Keshia Roberson, a Washington, D.C.-based health advocate and Run 4 All Women ambassador, got involved during that first effort in 2017. This year she conducted all the research in choosing the destinations along the virtual route, which she hopes serves as just a starting point for participants to learn more about some little-known Civil Rights history.

Keshia Roberson Run 4 All Women
Keshia Roberson is a Run 4 All Women ambassador who researched the Civil Rights history for the 2020 Womxn Run the Vote Relay. Photo: Courtesy of Run 4 All Women

Roberson believes the event has drawn so much interest because no matter what happens on November 3, participants don’t want to feel like they didn’t do their part during an election that experts are calling the most consequential of our lifetime. So much rides on all races, from the presidential choices down to local city council candidates, including how the country copes with climate change, health care, racial justice, and the ongoing spread of COVID-19, to name a few.

Many voters feel that the stakes only increased on Friday, when Supreme Court Justice Ruth Bader Ginsburg, a staunch supporter of equality and reproductive rights, died, leaving a key vacancy on the bench.

“In this election season, especially during a time where we’re so disconnected due to the pandemic, the relay’s given us a sense of community,” Roberson said. “And the money that we’re raising for Black Voters Matter is going to communities of marginalized voters. It will help build power. The relay will have an impact on these upcoming elections.”

The Womxn Run the Vote Relay is one of many initiatives within the running community related to the November election. Saucony collaborated with prinkshop, for example, to launch a line that raises funds for She Should Run, a nonprofit and non-partisan organization supporting women to running for political office. Under Armour created a “Run to Vote” platform to help customers and employees register and make their voting plans.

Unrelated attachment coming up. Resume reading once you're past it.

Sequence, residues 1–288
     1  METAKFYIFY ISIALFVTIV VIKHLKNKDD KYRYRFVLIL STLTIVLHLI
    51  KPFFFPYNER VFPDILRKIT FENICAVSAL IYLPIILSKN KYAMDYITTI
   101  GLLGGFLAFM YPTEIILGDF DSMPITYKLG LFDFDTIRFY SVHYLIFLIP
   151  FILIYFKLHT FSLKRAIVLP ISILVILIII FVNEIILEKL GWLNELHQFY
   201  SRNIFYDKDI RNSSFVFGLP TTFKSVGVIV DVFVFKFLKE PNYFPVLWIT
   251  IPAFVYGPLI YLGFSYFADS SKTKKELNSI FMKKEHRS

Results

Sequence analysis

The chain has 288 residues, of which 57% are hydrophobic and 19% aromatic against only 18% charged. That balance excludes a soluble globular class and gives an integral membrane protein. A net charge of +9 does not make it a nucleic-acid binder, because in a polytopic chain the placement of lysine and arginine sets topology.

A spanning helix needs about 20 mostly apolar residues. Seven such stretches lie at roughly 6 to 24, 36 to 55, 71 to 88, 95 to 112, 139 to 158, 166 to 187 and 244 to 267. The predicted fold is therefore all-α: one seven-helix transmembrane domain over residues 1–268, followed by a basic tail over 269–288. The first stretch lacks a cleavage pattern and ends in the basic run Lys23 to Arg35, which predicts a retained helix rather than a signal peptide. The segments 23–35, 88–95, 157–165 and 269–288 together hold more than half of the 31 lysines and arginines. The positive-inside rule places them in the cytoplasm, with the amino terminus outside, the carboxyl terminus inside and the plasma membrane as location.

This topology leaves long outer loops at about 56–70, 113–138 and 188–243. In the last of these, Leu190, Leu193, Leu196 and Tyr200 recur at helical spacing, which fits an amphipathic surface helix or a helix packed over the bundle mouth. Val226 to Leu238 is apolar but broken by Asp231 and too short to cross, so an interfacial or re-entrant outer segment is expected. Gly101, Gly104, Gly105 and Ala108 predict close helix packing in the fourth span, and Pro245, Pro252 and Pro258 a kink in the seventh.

The 20-day Running for Office Virtual Challenge kicks off on October 14, with a portion of registration fees going to America Votes, an organization dedicated to protecting voter rights and advancing progressive policies. The Pioneers Run Crew, a Boston-based group that creates and promotes a diverse and inclusive culture within the running community, is offering the More Than a Run virtual 5K. The race in part supports the “Fitness in Color” podcast in which Ibran X. Kendi, author of How to Be an Anti-Racist, is scheduled to discuss how to use running as a platform for social change.

Runners who want to get involved have a wide array of opportunities to choose from—and so far it seems like the interest is high.

“The relay is sort of a framework of thinking about the elections and how it takes collective action,” Désir said. “The election is not the end. It’s really the beginning. So it’s about building power and about showing that when we come together, we can tackle these really massive, scary issues. This is a practice in collective action.”